“The women that buy Zazi should feel empowered because they are contributing to powerful projects while looking fabulous in incredible, one of a kind vintage pieces.”
How do you want to progress with Zazi in the next 5 years?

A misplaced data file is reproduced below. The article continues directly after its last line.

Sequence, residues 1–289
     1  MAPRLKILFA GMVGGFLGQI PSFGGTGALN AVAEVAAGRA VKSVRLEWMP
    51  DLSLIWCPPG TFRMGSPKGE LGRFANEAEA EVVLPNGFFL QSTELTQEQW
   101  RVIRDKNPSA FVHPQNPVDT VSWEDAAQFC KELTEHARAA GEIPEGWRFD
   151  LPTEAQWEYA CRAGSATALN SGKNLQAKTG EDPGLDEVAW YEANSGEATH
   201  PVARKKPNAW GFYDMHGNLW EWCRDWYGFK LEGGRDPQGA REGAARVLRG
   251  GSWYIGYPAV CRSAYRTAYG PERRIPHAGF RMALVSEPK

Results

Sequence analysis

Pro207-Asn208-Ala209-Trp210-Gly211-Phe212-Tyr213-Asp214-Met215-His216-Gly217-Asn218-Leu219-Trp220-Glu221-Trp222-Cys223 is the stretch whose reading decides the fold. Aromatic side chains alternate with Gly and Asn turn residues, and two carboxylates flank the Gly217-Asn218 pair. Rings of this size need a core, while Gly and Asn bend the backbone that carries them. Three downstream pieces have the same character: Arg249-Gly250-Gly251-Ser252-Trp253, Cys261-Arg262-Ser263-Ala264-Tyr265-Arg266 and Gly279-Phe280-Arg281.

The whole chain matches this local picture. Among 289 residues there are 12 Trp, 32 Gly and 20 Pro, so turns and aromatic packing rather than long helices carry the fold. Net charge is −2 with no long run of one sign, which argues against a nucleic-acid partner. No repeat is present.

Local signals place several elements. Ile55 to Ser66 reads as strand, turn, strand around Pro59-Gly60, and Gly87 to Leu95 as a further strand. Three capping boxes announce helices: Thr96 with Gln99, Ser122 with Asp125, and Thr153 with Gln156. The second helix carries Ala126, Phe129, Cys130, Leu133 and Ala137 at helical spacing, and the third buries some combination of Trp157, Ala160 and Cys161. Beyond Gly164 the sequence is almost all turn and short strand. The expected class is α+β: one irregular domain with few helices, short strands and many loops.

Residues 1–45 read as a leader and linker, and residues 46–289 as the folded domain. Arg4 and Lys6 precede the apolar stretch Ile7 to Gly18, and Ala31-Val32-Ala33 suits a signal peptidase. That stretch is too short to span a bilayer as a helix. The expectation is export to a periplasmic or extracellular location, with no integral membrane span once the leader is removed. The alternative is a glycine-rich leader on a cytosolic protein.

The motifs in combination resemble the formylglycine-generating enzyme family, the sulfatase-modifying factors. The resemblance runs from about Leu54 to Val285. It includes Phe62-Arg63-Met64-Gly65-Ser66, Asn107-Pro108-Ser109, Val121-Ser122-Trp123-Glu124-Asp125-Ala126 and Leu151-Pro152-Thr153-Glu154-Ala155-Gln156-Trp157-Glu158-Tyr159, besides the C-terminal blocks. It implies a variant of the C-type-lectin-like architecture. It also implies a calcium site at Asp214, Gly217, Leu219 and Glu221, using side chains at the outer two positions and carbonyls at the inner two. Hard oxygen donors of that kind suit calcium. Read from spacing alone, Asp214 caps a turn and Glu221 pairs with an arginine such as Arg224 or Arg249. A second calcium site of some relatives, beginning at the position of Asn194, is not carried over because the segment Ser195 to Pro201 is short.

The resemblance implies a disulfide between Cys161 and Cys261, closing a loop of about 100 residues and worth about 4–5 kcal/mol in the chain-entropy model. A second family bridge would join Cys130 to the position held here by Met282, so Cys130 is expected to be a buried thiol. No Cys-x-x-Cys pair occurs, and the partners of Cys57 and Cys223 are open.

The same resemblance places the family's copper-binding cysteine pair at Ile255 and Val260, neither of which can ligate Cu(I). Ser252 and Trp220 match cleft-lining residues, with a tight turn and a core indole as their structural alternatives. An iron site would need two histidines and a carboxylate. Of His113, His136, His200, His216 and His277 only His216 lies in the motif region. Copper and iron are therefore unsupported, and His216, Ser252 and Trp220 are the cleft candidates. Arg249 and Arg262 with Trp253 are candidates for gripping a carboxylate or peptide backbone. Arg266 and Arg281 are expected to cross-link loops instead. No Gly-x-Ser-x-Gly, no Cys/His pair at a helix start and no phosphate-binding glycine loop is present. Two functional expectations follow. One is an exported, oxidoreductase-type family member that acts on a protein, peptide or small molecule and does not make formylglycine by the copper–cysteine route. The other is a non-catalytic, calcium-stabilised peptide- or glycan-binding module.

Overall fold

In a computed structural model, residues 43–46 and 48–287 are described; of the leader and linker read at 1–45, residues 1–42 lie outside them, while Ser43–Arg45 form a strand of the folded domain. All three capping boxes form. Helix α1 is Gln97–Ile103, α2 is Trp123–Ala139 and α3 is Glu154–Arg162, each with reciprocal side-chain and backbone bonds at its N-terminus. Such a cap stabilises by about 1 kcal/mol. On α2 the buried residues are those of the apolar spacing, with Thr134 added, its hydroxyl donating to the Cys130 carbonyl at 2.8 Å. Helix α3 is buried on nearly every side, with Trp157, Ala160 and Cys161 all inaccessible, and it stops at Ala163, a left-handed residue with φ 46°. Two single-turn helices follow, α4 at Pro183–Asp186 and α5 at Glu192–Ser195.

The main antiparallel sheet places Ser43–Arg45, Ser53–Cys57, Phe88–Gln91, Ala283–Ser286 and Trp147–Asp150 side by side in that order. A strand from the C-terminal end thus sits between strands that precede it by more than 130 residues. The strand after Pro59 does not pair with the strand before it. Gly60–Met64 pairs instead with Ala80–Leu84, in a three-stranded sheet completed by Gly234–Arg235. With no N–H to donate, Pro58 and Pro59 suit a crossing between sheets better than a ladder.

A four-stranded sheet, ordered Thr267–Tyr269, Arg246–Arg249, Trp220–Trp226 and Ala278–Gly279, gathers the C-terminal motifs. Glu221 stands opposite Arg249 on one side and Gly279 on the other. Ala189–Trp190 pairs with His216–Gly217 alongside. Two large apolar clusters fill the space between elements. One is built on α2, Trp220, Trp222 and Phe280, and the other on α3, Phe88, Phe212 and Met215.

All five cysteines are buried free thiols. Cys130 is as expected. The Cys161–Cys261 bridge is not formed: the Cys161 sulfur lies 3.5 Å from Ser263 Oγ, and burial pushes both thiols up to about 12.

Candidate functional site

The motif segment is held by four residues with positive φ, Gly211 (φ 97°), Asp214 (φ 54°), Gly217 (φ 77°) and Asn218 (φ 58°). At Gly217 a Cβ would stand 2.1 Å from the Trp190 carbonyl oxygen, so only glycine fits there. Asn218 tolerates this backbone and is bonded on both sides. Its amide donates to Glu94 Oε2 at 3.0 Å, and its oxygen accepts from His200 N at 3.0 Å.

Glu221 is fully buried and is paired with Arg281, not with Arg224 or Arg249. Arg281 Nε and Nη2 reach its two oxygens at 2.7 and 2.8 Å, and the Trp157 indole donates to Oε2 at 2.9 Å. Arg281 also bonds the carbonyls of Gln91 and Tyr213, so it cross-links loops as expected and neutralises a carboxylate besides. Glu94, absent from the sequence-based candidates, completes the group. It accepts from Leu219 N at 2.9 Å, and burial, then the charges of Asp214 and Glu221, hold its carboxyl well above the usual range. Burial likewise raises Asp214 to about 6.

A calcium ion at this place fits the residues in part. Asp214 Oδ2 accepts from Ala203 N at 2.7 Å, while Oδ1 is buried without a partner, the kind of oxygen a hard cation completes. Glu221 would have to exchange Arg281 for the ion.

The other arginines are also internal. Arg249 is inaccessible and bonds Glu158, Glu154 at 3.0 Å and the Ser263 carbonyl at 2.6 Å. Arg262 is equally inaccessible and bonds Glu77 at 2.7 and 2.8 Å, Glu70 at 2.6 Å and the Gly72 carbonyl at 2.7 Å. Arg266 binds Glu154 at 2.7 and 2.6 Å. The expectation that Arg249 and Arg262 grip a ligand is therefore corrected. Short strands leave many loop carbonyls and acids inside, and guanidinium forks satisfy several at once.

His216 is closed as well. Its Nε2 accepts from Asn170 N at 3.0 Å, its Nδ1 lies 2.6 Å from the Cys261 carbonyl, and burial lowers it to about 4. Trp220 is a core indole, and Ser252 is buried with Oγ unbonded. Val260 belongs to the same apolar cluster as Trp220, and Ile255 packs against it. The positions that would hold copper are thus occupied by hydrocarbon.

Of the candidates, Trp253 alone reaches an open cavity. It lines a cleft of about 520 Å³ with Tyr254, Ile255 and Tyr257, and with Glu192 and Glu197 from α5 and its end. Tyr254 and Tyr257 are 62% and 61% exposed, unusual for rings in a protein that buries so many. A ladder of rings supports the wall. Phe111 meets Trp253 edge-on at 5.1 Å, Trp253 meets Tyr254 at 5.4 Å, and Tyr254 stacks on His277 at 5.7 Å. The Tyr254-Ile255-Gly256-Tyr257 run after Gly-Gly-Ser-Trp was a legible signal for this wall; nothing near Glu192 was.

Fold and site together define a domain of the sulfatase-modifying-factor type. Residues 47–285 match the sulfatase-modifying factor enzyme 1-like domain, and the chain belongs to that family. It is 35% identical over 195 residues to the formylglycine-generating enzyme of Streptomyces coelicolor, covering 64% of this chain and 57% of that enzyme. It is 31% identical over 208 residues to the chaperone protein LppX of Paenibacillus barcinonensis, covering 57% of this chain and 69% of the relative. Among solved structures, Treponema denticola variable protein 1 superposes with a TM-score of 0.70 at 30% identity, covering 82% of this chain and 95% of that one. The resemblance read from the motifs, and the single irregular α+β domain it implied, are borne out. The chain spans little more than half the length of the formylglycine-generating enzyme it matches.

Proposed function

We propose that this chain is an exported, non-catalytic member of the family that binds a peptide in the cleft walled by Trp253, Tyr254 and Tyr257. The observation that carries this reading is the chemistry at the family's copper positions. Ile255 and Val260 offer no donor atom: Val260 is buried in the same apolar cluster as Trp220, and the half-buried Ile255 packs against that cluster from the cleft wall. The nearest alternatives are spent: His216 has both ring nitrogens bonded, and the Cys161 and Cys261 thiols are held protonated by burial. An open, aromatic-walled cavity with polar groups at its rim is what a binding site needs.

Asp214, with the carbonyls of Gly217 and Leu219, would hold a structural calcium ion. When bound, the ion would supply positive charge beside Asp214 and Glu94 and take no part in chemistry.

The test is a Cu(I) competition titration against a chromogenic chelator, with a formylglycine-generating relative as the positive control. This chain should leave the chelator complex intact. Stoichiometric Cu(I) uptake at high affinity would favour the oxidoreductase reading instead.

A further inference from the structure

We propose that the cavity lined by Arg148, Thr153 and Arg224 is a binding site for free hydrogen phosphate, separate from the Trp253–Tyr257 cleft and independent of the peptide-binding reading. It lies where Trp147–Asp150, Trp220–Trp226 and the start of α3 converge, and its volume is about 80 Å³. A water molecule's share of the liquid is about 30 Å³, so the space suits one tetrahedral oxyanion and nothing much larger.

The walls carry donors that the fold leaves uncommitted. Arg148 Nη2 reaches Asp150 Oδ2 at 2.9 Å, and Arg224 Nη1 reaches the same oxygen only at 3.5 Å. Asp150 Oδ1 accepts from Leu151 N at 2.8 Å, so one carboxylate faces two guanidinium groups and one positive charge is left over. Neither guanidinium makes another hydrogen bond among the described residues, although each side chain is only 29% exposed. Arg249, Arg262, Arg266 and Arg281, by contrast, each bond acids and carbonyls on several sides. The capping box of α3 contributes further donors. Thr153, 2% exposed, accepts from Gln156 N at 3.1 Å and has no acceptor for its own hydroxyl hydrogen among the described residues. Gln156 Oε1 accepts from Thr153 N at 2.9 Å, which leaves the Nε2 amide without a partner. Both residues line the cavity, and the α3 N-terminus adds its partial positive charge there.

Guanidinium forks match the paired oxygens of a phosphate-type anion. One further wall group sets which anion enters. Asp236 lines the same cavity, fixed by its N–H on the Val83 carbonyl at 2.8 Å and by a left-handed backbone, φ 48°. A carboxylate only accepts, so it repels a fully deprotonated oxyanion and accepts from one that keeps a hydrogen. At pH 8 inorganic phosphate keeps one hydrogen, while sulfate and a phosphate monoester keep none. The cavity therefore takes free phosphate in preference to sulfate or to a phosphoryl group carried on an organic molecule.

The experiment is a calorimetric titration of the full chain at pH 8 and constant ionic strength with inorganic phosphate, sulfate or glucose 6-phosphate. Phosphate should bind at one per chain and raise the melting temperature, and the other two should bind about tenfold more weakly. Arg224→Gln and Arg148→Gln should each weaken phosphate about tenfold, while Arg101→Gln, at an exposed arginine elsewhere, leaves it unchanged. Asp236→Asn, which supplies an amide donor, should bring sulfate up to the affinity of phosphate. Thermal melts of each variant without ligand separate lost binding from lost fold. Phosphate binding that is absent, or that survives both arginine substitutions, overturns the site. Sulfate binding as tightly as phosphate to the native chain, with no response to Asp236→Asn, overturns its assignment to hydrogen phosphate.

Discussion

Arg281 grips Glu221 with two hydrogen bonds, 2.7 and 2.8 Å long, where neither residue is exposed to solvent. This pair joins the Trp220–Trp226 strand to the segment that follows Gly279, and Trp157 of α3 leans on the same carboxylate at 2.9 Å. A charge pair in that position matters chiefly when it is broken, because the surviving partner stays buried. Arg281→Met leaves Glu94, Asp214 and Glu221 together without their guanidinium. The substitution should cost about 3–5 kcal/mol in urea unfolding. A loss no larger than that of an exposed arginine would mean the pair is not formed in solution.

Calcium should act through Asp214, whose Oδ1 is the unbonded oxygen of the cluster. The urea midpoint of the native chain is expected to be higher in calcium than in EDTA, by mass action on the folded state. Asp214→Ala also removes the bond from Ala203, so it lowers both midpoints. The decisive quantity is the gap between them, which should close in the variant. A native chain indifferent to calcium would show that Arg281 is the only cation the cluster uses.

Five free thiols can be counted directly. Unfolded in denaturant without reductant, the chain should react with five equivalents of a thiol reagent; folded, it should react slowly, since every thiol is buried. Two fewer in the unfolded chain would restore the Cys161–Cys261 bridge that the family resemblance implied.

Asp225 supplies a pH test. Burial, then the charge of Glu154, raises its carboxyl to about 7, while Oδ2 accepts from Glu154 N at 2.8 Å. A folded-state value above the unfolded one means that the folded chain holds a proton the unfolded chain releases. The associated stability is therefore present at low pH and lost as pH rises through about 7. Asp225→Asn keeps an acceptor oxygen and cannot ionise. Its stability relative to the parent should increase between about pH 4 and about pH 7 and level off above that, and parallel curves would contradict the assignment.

I am in the outskirts of India right now for a very special project. I noticed after some time and many Skype conversations with our collectors that having only one girl to collect vintage is a beautiful thing, but I would love to make a bigger impact than just one girl. I had the idea of making a collection out of landfill waste combined with traditional vintage for quite some time. That’s when Madhu walked across my path. Madhu is one of the strongest women I have ever met. She was married to be a housewife in Rajasthan, India, when she came across a very conservative village in an area near the desert and decided to make a change. She learned English within a few years and with the help of American universities she started her own NGO called Institute for Philanthropy and Humanitarian Development (IPHD). IPHD is an organisation that is tackling all the challenges that women in the rural areas of India face. Twenty-five of the women she rescued from the village were mostly kept indoors by their husbands and didn’t have any opportunities to grow, to learn or to earn any income.